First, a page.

Then Rizpah the daughter of Aiah took sackcloth, and spread it on a rock for herself, from the beginning of harvest until rain fell on them from the heavens; she did not allow the birds of the air to come on the bodies by day, or the wild animals by night.
When David was told what Rizpah daughter of Aiah, the concubine of Saul, had done, David went and took the bones of Saul and the bones of his son Jonathan from the people of Jabesh-gilead, who had stolen them from the public square of Beth-shan, where the Philistines had hung them up, on the day the Philistines killed Saul on Gilboa. He brought up from there the bones of Saul and the bones of his son Jonathan; and they gathered the bones of those who had been impaled. They buried the bones of Saul and of his son Jonathan in the land of Benjamin in Zela, in the tomb of his father Kish; they did all that the king commanded. After that, God heeded supplications for the land.
2 Samuel 21:10-15 (NRSV)
“It is an outraged God who rails against the injustices inflicted upon the poor and the powerless. It is the voice of God who knows the victims – the poor, the orphan, the widow, the stranger, demeaned, impoverished, voiceless, powerless; and who knows that they were the victims of the rich and powerful who pervert all justice and equity.”
Allan Boesak, leading figure in the church struggle against the apartheid in South Africa.
Muere el sol en los montes
Con la luz que agoniza,
Pues la vida en su prisa,
Nos conduce a morir.
The sun dies in the mountains
With its light fading,
Because life in its haste,
Leads us to death.
Dios Nunca Muere, performed by Susana Harp
A number of years ago I learned about the story of Rizpah, a compelling story that we don’t hear much about.
Scripture tells us that she was the mother of two sons, Armoni and Mephibosheth, whose father was Saul. Her two sons along with five others were put to death in a public execution with the sole purpose of national security. King David needed to mend relations with the Gibeonites to keep peace and have the famine ended. According to Allan Boesak, when national security, trade, or diplomatic relations are at stake governments respond in what he calls “political realism,” and the resulting collateral damage is inevitable.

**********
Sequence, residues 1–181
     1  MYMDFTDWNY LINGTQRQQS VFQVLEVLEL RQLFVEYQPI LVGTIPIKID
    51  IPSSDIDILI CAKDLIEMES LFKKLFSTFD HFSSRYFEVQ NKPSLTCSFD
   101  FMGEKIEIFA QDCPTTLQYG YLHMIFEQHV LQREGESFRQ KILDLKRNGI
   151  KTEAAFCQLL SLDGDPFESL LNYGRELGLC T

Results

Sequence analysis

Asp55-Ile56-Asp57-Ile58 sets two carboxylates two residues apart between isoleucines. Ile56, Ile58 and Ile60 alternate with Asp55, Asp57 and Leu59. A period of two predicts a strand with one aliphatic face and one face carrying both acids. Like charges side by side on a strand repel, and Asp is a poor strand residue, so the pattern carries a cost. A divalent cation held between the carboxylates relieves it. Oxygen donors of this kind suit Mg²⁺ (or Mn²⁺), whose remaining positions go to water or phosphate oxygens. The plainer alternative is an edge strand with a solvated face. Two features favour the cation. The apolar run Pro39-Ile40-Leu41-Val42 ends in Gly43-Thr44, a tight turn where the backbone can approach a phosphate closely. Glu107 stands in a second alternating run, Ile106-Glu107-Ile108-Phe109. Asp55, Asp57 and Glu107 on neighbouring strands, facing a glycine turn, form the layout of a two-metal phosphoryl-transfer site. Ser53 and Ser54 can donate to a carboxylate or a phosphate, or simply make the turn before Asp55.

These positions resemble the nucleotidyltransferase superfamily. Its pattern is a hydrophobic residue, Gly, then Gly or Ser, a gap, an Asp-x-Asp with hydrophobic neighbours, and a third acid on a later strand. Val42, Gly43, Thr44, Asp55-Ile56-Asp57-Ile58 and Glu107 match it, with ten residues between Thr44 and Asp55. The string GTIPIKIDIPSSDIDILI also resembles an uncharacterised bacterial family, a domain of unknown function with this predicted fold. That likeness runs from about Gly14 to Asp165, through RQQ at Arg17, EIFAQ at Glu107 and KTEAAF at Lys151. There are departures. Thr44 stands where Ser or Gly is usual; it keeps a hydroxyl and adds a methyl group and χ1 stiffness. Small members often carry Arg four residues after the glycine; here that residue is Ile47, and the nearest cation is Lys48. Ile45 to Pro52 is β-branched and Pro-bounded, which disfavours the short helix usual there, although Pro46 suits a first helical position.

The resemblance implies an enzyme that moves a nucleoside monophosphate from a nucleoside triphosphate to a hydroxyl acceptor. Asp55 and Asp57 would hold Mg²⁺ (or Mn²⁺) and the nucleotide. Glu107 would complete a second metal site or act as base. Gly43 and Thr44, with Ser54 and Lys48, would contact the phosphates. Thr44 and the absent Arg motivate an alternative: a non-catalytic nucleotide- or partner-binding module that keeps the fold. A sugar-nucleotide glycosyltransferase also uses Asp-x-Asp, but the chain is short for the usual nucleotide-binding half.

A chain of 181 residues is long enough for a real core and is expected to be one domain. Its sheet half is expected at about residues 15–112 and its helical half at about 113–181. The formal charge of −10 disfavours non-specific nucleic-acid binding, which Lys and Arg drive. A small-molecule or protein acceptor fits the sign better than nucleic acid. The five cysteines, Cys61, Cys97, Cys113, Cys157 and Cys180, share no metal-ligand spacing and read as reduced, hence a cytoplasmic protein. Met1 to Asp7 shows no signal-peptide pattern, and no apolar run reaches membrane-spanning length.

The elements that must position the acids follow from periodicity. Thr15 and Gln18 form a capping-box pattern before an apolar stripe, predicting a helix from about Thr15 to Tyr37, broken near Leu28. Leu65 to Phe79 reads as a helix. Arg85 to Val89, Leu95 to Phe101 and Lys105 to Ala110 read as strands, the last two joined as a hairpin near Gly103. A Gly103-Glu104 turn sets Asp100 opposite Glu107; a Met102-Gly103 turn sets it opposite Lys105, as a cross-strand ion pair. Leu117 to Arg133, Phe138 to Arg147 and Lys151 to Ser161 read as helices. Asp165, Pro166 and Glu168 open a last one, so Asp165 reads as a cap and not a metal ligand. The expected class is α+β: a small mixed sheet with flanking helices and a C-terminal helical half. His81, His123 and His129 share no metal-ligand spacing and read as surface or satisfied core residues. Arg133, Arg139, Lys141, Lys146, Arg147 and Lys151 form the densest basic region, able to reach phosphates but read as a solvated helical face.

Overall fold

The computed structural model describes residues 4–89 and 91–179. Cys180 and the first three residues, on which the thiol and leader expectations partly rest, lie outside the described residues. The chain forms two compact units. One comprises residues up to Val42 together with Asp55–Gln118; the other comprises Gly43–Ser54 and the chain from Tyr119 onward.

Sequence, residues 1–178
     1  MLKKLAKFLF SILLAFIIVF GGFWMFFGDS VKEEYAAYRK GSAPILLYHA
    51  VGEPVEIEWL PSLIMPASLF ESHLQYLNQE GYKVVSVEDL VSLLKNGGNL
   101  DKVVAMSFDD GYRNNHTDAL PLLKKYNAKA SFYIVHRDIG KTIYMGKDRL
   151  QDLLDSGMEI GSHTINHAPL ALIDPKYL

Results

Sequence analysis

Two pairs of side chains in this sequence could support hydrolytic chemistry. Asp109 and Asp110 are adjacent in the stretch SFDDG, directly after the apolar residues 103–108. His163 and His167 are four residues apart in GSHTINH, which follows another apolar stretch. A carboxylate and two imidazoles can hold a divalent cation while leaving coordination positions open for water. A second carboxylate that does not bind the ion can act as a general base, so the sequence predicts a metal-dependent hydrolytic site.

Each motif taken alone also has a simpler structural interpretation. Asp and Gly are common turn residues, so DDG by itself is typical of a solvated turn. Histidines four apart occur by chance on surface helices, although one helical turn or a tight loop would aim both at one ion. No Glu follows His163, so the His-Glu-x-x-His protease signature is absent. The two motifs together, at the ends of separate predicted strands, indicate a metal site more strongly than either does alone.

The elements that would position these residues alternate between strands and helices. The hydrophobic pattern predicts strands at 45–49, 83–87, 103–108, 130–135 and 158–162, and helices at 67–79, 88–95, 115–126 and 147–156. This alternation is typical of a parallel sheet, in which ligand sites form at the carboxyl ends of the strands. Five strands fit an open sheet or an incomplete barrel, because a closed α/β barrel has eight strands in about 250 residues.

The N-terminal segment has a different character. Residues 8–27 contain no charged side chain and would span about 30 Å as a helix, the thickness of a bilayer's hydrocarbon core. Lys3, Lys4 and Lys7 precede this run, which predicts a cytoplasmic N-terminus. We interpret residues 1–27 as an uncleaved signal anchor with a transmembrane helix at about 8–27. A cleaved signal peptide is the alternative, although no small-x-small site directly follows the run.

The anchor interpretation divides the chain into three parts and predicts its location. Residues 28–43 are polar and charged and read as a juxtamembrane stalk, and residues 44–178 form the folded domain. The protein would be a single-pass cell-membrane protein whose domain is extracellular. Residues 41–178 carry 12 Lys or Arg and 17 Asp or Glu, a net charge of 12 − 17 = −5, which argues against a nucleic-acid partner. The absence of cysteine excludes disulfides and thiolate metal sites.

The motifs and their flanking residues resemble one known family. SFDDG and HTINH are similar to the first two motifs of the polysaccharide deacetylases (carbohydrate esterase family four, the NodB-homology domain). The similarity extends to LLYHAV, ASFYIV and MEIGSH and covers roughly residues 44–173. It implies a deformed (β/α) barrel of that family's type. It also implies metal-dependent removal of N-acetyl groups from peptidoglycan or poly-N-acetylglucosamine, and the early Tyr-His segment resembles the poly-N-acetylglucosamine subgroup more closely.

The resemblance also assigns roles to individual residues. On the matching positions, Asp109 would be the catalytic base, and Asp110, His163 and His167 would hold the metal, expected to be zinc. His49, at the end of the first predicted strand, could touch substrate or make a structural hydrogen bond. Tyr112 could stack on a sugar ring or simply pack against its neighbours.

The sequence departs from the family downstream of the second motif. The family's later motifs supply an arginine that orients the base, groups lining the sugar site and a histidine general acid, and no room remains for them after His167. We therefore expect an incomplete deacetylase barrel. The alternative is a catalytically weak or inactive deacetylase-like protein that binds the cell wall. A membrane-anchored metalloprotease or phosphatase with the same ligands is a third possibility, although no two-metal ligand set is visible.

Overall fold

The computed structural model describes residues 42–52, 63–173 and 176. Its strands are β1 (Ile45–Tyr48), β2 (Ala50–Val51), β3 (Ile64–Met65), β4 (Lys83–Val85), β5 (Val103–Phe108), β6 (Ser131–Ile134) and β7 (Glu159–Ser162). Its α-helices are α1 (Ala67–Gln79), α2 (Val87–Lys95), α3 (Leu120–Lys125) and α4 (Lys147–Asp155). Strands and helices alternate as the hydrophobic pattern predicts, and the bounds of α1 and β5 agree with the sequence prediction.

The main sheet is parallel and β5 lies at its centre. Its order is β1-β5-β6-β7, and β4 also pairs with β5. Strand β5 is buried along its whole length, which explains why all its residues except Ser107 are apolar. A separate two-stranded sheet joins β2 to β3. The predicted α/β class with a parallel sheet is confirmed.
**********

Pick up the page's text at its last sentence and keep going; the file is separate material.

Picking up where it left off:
David handed over the seven sons of Saul to the Gibeonites to demonstrate and justify power and control. The passage narrates that the seven sons were taken up to a hill and executed, their bodies left in crosses without given a proper burial and very much against the Deuteronomic law. David moved on and ignored the human tragedy, for him these were not bodies but a political move.
Yet, Rizpah who’s eyes didn’t see crosses but the bodies of her beloved sons, and the other five (sons of Merab). She then would go every day up to the hill and cover the bodies with a sackcloth, running from cross to cross, and from body to body, in order to protect them from being ripped apart by animals and preyed by birds. What a horrific image!
It may seem that Rizpah was a victim, a victim of the state and her community, however, she never victimized herself. Instead she demonstrated love, sacrificial resistance, public grief, and radical solidarity by also protecting the sons of Merab. In both her lower status and active approach to “waiting,” Rizpah not only became a disruption to the king, but challenged the patriarchy, and the idolatry displayed by the palace. Months later, David eventually opened his eyes and arranged for proper burial.
As the United States is nearing 300,000 deaths due to COVID-19, I reflect on those images from early on the pandemic, of thousands of bodies being buried, with no one to protect or cover them because family members were not allowed to be near them. A tragedy.
As we wait during this Advent season, how are we actively waiting; how are we disrupting those systems and structures that keep us blinded?
Evelmyn Ivens is a PhD student in Theology at Garrett-Evangelical Theological Seminary in Chicago, IL. She’s interested in exploring simple cultural practices through a theological framework, contextual theologies, and the interconnection between civic engagement, faith, and justice. She tweets at @eivenspo.